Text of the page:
Vaso Kakko stabbing: Teen ‘previously attacked his killer with Rambo knife after insulting his haircut’
- Credit: Archant
Canonbury teen Vaso Kakko had stabbed his killer with a “Rambo-style knife” and pulled a taser on him during an argument about a haircut weeks before his death, jurors have been told.
The Old Bailey heard how Vaso, 17, and Uchechukwu Ejimonye, 20 – known by his street name Realz – had fought after Vaso insulted Ejimonye’s appearance.
Ejimonye is accused of murdering Vaso by stabbing him on November 23 just before 8.45pm, in a small community garden off Yoke Close on the Shearling Estate, Holloway.
The 6cm-deep neck wound severed his jugular and ceratoid veins, as well as his voicebox, and would have “bled rapidly and quickly become life-threatening” according to the pathologist.
Paramedics and the air ambulance tried to save the former Mary Magdelene student’s life at the scene but he was dead within 35 minutes.
You may also want to watch:
Ejimonye - who fled the scene and was arrested seven days later in Bognor Regis, Sussex - denies murder.
But he admits possession of the knife and does not dispute he stabbed Mr Kakko, claiming he acted in self defence and that the incident was “part of a feud between him and the victim”.
- 1 How Homerton Hospital staff took on the virus in the first year of Covid
- 2 'They don't care,' says Hackney family living in mould-infested property
- 3 Hackney Wick bar and restaurant opens with Two More Years to go
- 4 Crowdfunder for Prodigy's Keith Flint mural to raise mental health awareness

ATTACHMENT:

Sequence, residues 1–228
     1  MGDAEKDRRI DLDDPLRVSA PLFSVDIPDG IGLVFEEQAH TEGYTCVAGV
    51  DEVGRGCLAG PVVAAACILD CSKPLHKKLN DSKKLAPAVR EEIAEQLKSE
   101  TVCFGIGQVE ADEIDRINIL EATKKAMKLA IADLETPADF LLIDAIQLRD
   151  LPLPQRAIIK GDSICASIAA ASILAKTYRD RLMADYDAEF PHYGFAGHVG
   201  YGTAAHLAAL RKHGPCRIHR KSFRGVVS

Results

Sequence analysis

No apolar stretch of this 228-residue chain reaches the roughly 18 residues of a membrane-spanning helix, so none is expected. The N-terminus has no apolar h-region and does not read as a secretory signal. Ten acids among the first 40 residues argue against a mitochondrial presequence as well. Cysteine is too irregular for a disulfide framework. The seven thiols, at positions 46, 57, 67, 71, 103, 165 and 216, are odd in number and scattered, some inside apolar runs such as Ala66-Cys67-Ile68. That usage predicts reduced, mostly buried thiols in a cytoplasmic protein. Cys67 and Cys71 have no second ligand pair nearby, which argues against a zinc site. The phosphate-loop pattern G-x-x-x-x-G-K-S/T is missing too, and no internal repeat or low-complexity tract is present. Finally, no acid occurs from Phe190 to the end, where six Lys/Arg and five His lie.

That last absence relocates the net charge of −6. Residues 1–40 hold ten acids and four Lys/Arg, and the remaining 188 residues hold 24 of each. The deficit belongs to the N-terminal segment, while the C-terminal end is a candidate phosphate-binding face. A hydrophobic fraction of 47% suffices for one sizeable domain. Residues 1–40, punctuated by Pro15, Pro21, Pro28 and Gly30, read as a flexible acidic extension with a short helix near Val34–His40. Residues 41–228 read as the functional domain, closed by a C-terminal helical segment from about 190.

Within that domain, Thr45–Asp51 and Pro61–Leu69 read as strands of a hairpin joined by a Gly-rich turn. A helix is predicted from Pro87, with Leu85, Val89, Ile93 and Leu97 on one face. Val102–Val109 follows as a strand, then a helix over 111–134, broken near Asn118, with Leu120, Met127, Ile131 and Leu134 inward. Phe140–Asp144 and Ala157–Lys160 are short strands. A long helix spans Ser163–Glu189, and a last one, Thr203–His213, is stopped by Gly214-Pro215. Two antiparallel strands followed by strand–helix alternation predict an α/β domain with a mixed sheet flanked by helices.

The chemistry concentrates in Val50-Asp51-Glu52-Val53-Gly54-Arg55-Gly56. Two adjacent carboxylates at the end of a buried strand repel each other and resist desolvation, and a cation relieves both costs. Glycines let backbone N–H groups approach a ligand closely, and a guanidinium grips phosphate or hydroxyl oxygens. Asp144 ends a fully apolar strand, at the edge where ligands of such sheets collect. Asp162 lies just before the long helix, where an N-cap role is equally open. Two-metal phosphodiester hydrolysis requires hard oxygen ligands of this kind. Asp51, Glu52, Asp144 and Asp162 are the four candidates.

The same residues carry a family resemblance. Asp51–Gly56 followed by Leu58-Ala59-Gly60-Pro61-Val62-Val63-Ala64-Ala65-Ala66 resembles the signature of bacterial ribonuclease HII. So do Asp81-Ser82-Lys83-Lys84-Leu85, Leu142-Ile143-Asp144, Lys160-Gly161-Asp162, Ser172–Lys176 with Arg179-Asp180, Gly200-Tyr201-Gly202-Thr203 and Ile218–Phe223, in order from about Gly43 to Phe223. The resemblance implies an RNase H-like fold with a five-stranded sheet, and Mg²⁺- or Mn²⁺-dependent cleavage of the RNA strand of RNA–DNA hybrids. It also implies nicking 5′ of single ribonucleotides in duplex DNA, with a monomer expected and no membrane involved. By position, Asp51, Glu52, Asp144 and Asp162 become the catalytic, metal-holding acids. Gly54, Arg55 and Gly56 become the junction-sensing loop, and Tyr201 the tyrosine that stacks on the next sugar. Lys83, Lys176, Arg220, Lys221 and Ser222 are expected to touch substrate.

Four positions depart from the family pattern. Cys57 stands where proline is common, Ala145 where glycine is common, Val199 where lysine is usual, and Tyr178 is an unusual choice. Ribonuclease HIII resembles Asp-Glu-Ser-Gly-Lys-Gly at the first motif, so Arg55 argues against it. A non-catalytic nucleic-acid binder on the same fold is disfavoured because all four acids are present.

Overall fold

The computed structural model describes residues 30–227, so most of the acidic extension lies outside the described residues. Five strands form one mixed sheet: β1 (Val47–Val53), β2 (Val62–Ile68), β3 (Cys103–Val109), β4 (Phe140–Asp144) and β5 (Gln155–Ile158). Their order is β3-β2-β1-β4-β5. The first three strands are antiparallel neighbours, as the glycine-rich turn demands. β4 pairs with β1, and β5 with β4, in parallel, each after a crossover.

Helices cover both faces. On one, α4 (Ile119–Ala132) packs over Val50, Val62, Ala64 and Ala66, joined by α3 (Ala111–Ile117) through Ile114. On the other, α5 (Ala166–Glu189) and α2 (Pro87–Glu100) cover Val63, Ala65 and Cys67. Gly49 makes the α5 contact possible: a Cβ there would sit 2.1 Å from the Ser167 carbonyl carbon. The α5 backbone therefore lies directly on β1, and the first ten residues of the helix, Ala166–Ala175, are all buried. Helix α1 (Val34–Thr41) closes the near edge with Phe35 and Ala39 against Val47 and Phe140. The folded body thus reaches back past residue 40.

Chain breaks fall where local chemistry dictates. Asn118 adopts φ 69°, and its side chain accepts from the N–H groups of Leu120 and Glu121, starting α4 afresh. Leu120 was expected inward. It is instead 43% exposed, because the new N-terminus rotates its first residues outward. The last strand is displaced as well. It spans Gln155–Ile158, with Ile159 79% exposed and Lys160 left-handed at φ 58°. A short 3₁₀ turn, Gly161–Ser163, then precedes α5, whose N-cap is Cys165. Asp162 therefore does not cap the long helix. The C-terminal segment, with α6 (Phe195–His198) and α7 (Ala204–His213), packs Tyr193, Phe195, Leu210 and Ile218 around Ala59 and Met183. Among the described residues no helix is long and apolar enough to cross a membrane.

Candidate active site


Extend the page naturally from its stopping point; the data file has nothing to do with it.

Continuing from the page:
- 5 Legendary east London graffiti pub to reopen after 26 years
- 6 Stamford Hill North and Shoreditch hardest hit during Covid waves
- 7 New traffic measures as school brings pupils onto a single site
- 8 Letter: Facilities needed to make LTNs work
- 9 Call for spare rooms and properties to help homeless people off the streets
- 10 Jailed: Cyclist who rode off after fatal collision with 'gentleman', 72
The Old Bailey heard on Monday how the defendant, victim and the two witnesses to the attack – who cannot be named for legal reasons – were a “group of friends and acquaintances who knew each other”, who hung out around Caledonian Road where they had been smoking cannabis together that night.
Jurors were told how a month earlier, on Ejimonye’s birthday, the group of friends had been drinking when Vaso turned up and allegedly began insulting Realz “about the way he looked”.
Defence barrister David Aaronberg said: “It was about his haircut, stupid things. Things got out of hand – Vaso produced a taser gun and Realz produced a knife.”
One of the witnesses denied this chain of events, saying he had “never seen Vaso with a knife”.
Vaso then went off on a bike, and according to Mr Aaronberg he returned in a black hoodie and mask and carrying a Rambo-type knife, which he “plunged” into Ejimonye’s leg.
At hospital Ejimonye was “frightened of saying Vaso stabbed him”, and “pretended he hadn’t been stabbed and he fell on some glass”.
On the night of Vaso’s death, the witness heard Vaso and Ejimonye “speaking aggressively” to each other at about 7pm, and calling each other names like “d**khead” and “pr*ck” – but the witness “didn’t think it was that serious”.
Just over an hour later, as the witness walked off to get a light for his cannabis joint and make a phone call, Vaso was stabbed.
Mr Aaronberg said: “We know how it ended, but you don’t know how it began, do you? There were feathers rising in the air which we understand must have come from Vaso’s jacket.
“You can’t help with what would have caused Realz to stab Vaso but you were very frightened by the result, which is that he was literally bleeding to death in that square.”
The trial continues.